The reasons for the firm Jewish religious opposition to both assisted suicide and mercy killing are sprinkled throughout the Jewish scriptures, which constitute the Christian Old Testament. On multiple occasions in the Old Testament, God is acknowledged to exercise an absolute sovereignty over life and death. Death was the penalty for sin, and life was a gift from God that his people were meant to choose so they could continue to love, honour, and obey him. Choosing death was an affront to God that demonstrated contempt for the gift of life: “No man has authority…over the day of death” (Ecclesiastes 8:8). The scriptures contain some examples of Jews willingly dying as martyrs or choosing suicide, but they do so because they prefer death to violating Judaic law. And none of these examples occurs in conditions remotely resembling the circumstances surrounding modern-day medical euthanasia or physician-assisted suicide. Throughout the Old Testament, there is no instance of Jews either killing themselves or arranging for someone else to help them die due to the physical anguish of illness…
The emergence of Christianity in the first century AD was the other momentous factor that shaped the new era in the history of euthanasia. Basic Christian values about death and dying are similar to the Judaic moral code, although explicit condemnations of suicide are missing from the New Testament. It was in later centuries that the church fathers inferred from the Gospels that suicide was against God’s law. A major [spokesman] for this theory was Saint Augustine (354-430 AD), who in his City of God (428) argued that suicide was simply another form of homicide, and thus was both a crime and a sin prohibited by the six of the Ten Commandments. In Augustine’s eyes, even those who opted for suicide in order to avoid a sin (such as a virgin seeking to protect her virtue) were actually committing a greater sin and forfeited the possibility of repentance. The fact that the word “suicide” was coined later in history (the seventeenth century) to replace the phrase “self-murder” signifies that for centuries Christians followed Augustine’s thinking and regarded the taking of one’s own life as a form of murder, and thus an abhorrent crime that required no formal condemnation…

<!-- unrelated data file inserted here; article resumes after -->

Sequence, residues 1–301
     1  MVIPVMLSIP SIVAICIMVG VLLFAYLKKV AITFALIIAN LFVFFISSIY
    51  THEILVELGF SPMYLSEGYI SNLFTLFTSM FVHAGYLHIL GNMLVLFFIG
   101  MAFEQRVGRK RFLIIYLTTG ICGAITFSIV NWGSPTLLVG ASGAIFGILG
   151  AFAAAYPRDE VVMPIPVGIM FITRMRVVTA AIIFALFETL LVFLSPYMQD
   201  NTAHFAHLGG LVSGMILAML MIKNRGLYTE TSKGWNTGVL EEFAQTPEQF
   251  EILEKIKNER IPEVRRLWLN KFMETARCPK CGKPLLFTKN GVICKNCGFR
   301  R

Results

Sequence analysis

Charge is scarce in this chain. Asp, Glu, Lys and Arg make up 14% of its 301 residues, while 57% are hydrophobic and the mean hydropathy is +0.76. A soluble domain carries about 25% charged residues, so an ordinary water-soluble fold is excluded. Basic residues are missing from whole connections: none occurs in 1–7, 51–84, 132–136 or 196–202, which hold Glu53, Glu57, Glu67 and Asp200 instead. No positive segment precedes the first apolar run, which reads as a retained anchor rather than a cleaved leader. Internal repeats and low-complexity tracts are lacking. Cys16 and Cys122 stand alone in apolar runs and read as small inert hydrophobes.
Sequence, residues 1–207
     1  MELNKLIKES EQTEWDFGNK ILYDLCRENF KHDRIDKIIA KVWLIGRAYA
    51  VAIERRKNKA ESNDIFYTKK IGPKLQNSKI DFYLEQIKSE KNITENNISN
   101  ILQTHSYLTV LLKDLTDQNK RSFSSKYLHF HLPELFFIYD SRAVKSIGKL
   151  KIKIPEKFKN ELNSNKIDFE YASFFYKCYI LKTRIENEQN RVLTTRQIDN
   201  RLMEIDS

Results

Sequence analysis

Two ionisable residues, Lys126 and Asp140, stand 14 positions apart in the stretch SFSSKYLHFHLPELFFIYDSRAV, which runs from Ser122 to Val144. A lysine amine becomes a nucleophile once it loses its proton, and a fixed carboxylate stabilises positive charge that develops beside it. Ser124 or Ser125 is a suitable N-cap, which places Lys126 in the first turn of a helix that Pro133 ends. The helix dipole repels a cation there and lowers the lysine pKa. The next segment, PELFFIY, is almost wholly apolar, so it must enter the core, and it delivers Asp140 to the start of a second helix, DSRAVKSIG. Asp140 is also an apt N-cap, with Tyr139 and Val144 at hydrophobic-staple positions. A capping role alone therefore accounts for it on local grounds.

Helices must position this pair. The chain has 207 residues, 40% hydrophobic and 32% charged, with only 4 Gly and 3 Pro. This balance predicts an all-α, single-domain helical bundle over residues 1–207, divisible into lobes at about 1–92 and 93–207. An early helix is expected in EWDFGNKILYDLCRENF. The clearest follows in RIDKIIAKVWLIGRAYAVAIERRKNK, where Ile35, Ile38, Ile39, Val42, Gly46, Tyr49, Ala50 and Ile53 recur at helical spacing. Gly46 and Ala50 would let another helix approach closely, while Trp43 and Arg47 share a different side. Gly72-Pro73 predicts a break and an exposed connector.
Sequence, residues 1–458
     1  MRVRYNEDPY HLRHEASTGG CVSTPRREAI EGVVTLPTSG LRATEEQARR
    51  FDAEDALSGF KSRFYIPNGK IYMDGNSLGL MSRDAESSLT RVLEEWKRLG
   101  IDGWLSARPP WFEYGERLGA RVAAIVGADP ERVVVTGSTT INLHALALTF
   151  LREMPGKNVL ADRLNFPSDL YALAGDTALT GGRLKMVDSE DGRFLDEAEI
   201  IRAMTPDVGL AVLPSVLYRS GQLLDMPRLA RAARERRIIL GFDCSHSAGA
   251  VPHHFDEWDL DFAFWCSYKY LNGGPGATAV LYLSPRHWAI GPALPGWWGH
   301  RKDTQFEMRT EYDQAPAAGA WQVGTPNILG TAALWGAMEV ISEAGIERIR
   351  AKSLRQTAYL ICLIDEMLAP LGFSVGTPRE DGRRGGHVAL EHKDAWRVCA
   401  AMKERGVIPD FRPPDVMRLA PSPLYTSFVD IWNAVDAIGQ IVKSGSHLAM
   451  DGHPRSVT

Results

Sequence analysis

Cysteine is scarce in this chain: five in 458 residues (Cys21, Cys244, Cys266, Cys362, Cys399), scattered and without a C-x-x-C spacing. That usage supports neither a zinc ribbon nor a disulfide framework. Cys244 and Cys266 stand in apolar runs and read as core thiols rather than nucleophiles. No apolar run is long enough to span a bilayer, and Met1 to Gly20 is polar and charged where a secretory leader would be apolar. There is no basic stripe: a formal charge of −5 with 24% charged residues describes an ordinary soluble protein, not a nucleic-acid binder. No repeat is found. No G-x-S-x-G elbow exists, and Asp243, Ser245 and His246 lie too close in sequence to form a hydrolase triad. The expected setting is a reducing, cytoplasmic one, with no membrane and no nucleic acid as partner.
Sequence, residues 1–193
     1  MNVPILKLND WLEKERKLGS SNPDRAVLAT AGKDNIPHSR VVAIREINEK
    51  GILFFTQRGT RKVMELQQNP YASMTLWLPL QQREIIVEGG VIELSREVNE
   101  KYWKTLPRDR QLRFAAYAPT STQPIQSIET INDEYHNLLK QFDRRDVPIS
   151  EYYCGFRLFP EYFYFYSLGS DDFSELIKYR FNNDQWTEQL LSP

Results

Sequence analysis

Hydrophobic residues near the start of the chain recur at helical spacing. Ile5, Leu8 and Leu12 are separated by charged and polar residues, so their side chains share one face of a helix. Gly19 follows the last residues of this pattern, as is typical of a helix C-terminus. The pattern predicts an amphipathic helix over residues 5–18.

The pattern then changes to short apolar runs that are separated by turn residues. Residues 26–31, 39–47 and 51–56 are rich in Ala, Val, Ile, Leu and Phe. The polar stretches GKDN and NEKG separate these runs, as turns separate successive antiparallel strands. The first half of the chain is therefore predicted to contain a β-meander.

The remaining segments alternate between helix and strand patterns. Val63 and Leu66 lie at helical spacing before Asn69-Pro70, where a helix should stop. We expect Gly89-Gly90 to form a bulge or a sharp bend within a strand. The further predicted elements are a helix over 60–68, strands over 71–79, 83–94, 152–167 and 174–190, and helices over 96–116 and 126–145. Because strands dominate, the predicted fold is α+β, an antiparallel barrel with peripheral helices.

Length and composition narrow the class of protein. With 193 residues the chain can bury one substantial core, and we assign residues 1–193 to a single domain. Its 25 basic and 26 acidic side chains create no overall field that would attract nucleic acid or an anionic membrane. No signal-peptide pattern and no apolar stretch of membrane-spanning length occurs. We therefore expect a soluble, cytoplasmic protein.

By the onset of the sixteenth century, church, state, society, and medicine had forged an alliance that decisively rejected the taking of a life either by suicide or with medical assistance.
My two cents
Every now and then, the issue of euthanasia crops up, and I have been needing to find a definitive Christian position on it—away from the modern-day revisionism that’s tainted by a (baptised) humanistic mindset.
Now I have found it in this quote—its sentiments confirmed my gut feeling.
And to think that an aunt of mine (who is Christian) happens to support euthanasia but has apparently no idea of the historical Christian position. If the idea is to force the point, then it’s another example of salt losing its savour—not that she would care.
I also think of the lobby group called Christians Supporting Choice for Voluntary Euthanasia, when they were demonstrating in front of Parliament House. It’s frustrating to see them use non-Christian premises like appealing to “choice”, and “majority of Aussie Christians support voluntary euthanasia”—as though that makes it OK with God.
I really need to counter their placards by using this quote on a placard of my own—but it’s too many words to fit on a placard unfortunately.
Thank you Ian Dowbiggin for laying down the truth so plainly—and for separating the rock of historical Christianity from the sands of a modern-day (socially) evolutionary political lobby.
Dowbiggin, I (2007). A Concise History of Euthanasia: Life, Death, God, and Medicine. Plymouth: Rowman & Littlefield Publishers. pp. 12-13, 19.